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 Wednesday, 29th February 2012, 17:11:48

E-commerce market faces global challenges

E-commerce market faces global challenges

The popularity of the online retail market seems likely to continue unabated.

All signs point to the fact that, the more consumers who become web users, the more they will use the web to shop.

To all intents and purposes, there are infinite possibilities.

As such, businesses need to make sure that they have a positive and impressive web presence that appeals to their target audience.

But what about when companies want to appeal to a wider range of consumers? How can they make their sites suited to an international audience?

It is a dilemma that a number of firms have to face and, as Ofer Shosan, the chief executive and co-founder ofOneHourTranslation.com pointed out, there are a number of challenges when it comes to translating web content.

For example, online sites must take into consideration the cultural differences between countries that speak the same language.

The Spanish spoken in Spain is different to that spoken in Latin America, just as the Portugese used in Portugal is distinctive from the language heard in Brazil.

Failure to tailor the web's language content specifically to its target audience could make them think that the company is not aimed at them, or worse, that the firm is ignorant of the cultural differences between countries.

Even the smallest details can influence whether the consumer perceives the website to be targeted at them, and how accessible the information is.

For example, it is important to consider the date structure, the currency and the measurements used in each country.

Companies will also need to take into account the different characters and writing styles used in other places.

Sites tailored to an Arabic audience could be particularly difficult to customise, as translating them would require the development of right-to-left adaptation capabilities from the website.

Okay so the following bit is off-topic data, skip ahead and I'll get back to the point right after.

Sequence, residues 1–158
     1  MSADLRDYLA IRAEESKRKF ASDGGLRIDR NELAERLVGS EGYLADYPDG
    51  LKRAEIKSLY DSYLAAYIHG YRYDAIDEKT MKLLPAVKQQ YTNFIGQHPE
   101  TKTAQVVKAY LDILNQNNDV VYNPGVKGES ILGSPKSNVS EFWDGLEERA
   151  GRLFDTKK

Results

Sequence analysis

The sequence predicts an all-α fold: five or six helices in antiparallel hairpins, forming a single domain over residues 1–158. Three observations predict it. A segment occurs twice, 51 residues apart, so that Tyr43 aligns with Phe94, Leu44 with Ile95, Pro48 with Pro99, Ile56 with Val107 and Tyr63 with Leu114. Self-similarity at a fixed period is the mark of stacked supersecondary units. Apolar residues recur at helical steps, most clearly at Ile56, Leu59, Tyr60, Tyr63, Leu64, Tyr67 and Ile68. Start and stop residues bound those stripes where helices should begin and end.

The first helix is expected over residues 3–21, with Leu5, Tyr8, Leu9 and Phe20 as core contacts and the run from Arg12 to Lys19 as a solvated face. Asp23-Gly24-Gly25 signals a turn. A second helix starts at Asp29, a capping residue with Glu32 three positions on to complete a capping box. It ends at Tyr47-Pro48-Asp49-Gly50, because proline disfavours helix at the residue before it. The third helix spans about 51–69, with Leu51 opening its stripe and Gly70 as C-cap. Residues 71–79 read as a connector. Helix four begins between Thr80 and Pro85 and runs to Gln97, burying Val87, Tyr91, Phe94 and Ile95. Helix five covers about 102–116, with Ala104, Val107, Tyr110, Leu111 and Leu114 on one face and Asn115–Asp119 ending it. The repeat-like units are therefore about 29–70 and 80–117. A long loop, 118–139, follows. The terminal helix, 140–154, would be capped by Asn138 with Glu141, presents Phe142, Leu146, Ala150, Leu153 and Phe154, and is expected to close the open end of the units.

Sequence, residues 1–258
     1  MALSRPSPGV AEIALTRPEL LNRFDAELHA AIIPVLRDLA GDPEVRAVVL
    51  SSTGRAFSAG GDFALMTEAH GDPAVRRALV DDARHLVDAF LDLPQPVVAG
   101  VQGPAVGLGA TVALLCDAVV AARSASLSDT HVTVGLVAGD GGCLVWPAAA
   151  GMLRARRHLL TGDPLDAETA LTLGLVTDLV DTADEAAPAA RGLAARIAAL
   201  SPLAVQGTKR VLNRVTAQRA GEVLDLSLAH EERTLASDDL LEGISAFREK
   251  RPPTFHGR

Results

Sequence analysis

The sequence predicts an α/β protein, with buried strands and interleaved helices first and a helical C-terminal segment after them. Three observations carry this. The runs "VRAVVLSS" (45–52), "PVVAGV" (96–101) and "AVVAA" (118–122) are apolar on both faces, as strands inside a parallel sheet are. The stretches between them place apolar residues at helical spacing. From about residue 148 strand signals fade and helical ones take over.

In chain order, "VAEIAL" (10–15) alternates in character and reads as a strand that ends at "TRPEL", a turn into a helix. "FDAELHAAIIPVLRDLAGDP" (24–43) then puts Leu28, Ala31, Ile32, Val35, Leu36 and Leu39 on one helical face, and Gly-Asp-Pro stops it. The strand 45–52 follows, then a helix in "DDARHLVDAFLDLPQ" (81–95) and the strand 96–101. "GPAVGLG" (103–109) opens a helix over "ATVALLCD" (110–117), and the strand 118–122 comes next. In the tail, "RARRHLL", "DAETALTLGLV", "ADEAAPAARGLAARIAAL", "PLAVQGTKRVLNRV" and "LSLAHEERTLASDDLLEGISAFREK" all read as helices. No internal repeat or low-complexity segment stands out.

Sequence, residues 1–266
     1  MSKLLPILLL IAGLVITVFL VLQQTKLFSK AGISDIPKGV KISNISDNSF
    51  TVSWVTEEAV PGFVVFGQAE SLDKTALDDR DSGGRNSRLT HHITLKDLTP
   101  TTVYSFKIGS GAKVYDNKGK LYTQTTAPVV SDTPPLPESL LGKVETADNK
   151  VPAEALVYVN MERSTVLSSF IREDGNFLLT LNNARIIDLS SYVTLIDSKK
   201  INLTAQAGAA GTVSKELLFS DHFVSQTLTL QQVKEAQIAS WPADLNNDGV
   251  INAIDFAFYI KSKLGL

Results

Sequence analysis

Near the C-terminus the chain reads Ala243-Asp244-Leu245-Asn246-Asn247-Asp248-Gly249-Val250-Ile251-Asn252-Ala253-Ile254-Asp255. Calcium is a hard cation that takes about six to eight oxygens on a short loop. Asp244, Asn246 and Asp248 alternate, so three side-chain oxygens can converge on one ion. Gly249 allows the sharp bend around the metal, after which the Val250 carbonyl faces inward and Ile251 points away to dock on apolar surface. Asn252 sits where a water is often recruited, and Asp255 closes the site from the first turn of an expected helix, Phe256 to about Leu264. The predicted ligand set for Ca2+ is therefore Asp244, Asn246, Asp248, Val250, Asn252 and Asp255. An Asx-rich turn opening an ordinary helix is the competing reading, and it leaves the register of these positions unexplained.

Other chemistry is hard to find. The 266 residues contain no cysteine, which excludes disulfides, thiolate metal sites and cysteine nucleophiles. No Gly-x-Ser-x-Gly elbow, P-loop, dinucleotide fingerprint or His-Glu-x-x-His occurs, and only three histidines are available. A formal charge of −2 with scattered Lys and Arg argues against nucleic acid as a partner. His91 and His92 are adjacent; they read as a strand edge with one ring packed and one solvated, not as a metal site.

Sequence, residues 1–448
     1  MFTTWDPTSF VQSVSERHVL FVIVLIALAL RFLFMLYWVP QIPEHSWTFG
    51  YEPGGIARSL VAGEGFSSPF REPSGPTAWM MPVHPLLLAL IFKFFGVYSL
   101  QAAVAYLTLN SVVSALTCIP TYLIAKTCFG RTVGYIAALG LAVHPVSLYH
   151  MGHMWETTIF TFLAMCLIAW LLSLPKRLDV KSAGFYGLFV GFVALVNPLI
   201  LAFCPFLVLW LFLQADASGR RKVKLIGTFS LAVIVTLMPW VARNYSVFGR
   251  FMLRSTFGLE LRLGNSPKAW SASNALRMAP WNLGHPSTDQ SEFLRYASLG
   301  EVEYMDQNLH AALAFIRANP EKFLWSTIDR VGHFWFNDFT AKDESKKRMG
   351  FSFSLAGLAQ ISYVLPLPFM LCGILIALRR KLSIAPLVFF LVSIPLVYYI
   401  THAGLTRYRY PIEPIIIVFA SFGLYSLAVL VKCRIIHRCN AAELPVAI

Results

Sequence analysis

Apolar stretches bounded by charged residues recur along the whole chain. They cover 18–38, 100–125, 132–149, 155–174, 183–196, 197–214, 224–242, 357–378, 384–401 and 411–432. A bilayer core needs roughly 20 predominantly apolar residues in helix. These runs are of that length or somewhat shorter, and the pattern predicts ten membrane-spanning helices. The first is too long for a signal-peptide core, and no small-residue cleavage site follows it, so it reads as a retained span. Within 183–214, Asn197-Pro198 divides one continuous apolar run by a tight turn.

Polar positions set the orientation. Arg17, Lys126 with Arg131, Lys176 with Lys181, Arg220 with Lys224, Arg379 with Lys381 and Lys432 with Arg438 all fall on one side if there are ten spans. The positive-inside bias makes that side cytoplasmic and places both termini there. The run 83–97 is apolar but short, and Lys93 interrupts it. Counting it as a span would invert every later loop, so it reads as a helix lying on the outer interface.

Of course, sometimes it is not only language and cultural differences that get lost in translation.

Mr Shosan notes that there are times when the major cost of the operation is not a translation so much as developing a new website with the Content Management System (CMS) capable of handling multiple versions of the same content.

A number of companies are cashing in on this growing international need.

Translia offers 24–hour turnaround of web content and Keylingo specialises in translating complex documents such as technical manuals, scientific scripts and legal papers.

These services will become inceasingly valuable as the global e-commerce market grows.

Figures from JP Morgan predict that worldwide e-commerce transactions will reach $963 billion (£600 billion) by 2013.

Some of the biggest online retail markets are those which would require multiple language translations, as the Asia-Pacific market is expected to grow by 27 per cent, compared with just 13.2 per cent in Europe and 12.4 per cent in the US.

Of course, once a business has created a multinational internet site, they will then have to consider what many believe to be the next generation of online retail – m-commerce, or mobile commerce.

This refers to making purchases using one's smartphone or tablet.

Online retailers, for example, will have to make sure that their websites are available in a format which is supported these mobile devices.

After all, Apple has just announced that the launch of the highly anticipated iPad 3 is imminent (it will happen in San Francisco on March 7th).

The popularity of the mobile device seems unlikely to abate any time soon, as these arguably make using the internet even easier and more convenient.

And what of social media? Will it continue to be key to e-commerce marketing? The answer seems to be yes, but not in the way one would expect.

Most experts can agree that the 'word of mouth' brand referral that one gets through social media sites such as Facebook is invaluable, marketing-wise.

However, Jeremiah Johnston, president of the International Commerce Association, believes that even Facebook will eventually become passé in the realm of internet shoppers.

"Facebook isn't always going to be cool, especially for a younger generation. If you're seeking a young audience and a trendsetting audience, you're going to have to look for the next online community," he said.ADNFCR-1984-ID-801306546-ADNFCR


Categories:  |  Online Marketing / Search  |  Ecommerce  |  


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